HOMO DEUS: No remaining human job will ever be safe from the threat of future automaton.
21 LESSONS for 21st CENTURY: Once AI (Artificial Intelligence) makes better decisions than us about careers and perhaps even relationships, our concept of humanity and of life, will have to change.
…..Leadership is about taking responsibility not making excuses.
…..In football the worse things are excuses.
…..Excuses mean you cannot grow or move forward.
…..People with integrity do what they say they are going to do. Others have excuses.
…..A man can fail many times, but he is not a failure until he begins to blame someone else.
…..It is wise to direct your anger towards problems, not to people, to focus your energies on answers – not on excuses.
…..Excuses are the nails to build a house of failure.
…..True ignorance is not the lack of knowledge but the refusal to acquire it.
MORE QUOTES: Whoever is trying to bring you down is already below you.
…..Most people do not listen with the intent to understand; they listen with the intent to reply.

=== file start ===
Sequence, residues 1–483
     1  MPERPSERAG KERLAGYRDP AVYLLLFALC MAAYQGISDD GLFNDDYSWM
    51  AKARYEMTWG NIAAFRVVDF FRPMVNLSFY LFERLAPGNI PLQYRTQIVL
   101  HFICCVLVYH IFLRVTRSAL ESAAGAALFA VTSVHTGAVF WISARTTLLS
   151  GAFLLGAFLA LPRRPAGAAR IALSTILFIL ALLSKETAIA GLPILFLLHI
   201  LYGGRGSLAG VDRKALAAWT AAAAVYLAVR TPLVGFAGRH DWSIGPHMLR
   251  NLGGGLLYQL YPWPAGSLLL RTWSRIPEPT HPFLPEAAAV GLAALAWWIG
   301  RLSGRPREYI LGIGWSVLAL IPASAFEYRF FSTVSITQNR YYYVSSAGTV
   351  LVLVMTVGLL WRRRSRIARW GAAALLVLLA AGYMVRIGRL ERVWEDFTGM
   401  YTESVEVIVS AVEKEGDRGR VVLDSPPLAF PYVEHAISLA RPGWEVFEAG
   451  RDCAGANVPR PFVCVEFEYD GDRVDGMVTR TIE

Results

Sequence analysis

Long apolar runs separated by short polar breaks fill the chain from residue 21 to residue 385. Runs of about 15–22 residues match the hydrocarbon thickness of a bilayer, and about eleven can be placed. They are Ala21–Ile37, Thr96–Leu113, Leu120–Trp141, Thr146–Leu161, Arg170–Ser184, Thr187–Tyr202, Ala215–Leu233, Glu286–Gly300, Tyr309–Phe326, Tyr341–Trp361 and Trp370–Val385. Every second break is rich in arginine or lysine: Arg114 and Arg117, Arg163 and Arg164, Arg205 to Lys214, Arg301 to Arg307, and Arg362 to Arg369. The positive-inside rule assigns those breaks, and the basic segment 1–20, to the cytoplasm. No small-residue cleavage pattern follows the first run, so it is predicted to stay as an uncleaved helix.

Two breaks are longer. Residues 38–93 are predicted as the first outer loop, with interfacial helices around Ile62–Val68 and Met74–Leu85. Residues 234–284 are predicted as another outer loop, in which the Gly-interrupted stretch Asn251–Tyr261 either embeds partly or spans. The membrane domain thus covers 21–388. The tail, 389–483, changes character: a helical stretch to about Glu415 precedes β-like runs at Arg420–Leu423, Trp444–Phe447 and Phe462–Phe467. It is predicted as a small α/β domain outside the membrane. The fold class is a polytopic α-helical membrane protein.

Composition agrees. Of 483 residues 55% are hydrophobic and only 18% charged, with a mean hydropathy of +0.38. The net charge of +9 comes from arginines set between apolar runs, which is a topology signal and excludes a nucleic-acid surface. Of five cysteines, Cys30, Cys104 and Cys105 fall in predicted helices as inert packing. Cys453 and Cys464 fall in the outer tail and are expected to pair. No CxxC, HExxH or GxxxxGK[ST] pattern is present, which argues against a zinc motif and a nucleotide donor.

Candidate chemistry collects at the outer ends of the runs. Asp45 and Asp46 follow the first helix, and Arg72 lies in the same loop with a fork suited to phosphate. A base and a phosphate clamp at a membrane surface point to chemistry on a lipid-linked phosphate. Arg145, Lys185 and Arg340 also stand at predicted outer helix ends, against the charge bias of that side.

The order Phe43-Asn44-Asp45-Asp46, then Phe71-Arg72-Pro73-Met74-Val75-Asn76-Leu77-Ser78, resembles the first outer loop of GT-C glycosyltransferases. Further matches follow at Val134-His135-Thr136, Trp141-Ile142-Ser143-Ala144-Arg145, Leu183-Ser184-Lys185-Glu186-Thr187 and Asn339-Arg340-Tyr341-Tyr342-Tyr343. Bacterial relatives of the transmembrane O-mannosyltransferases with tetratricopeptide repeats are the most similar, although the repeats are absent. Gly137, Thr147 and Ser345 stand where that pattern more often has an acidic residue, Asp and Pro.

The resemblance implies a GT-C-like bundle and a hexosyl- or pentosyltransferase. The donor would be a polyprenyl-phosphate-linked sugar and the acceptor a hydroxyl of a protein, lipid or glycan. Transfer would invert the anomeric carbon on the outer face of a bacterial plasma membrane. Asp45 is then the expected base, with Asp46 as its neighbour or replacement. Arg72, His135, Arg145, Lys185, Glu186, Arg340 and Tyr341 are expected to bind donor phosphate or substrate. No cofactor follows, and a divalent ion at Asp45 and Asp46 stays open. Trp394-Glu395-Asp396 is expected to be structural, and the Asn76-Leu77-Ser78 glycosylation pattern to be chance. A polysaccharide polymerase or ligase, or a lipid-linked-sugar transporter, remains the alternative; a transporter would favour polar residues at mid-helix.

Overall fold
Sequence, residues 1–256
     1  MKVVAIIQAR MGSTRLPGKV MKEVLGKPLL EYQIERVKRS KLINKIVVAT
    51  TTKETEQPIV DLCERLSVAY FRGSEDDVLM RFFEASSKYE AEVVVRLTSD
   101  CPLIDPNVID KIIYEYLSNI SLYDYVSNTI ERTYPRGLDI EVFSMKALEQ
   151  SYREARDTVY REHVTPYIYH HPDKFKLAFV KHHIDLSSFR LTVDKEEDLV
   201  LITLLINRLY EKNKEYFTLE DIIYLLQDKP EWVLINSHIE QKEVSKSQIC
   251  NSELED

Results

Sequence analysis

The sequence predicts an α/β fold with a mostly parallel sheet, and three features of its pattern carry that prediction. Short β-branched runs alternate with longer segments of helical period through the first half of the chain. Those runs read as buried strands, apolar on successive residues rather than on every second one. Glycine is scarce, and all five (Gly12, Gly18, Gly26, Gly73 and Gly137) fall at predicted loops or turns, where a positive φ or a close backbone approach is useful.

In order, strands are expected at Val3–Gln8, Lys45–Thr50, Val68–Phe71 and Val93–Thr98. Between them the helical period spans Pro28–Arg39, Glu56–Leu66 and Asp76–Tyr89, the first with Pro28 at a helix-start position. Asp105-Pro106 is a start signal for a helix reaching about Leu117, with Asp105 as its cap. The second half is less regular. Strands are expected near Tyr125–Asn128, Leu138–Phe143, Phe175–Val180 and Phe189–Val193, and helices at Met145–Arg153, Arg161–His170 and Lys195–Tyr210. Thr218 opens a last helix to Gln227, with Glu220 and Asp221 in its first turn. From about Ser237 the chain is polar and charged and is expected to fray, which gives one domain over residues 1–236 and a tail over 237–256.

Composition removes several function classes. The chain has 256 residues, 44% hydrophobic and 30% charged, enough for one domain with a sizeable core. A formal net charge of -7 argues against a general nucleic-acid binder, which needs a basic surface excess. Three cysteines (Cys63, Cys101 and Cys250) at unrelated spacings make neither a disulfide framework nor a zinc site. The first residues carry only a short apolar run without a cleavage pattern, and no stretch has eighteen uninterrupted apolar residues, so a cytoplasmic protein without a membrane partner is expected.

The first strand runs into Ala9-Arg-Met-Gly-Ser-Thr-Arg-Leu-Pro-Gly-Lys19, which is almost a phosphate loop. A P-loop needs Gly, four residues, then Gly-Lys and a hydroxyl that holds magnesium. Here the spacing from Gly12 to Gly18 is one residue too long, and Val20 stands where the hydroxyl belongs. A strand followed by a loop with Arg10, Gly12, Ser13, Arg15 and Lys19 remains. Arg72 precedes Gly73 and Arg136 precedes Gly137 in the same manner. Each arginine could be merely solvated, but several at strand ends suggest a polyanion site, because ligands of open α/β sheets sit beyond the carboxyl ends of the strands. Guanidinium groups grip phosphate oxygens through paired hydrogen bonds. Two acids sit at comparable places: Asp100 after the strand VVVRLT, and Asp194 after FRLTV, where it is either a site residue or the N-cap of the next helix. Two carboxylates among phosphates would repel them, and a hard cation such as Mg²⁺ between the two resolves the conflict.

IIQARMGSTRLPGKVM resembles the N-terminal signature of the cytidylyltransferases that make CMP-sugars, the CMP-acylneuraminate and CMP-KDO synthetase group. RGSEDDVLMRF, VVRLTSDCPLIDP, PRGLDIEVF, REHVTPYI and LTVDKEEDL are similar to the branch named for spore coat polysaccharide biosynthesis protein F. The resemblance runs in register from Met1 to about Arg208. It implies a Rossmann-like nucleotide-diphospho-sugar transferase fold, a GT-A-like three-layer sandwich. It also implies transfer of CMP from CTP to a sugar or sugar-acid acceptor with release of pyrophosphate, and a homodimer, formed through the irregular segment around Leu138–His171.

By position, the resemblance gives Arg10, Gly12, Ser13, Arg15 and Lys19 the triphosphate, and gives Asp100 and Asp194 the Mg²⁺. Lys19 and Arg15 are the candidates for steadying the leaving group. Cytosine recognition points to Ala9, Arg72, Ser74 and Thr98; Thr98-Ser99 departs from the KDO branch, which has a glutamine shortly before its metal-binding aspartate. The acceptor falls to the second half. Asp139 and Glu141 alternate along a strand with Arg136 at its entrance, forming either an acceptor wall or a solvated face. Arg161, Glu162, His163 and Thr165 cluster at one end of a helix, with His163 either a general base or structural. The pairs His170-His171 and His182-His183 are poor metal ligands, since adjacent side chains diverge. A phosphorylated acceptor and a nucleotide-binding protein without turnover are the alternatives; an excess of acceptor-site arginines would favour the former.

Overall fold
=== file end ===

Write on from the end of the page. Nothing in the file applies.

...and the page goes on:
…..I am not a product of my circumstances. I am a product of my decisions.
“In a New York Times article, Stanford professor Robert Sutton commented, “One nasty person can bring down a whole group. That can happen because the group members devote more energy to dealing with the bad apple and less energy to the task at hand. Moreover, anger and hostility are contagious, so the whole group can become infected.”1)Source: Leadership Pain: The Classroom for Growth
…..What you do for yourself lies with you when you leave this world. What you do for others live forever.
…..Leadership is the lifting of a man’s vision to higher sights, the raising of a man’s performance to a higher
…..standard, the building of a man’s personality beyond its limitations.
References [ + ]
|1.||↑||Source: Leadership Pain: The Classroom for Growth|